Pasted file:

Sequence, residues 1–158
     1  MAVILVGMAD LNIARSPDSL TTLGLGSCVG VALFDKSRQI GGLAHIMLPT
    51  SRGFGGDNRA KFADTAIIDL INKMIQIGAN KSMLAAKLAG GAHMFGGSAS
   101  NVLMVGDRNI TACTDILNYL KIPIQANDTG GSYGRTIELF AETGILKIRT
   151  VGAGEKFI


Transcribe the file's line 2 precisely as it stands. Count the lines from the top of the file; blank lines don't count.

     1  MAVILVGMAD LNIARSPDSL TTLGLGSCVG VALFDKSRQI GGLAHIMLPT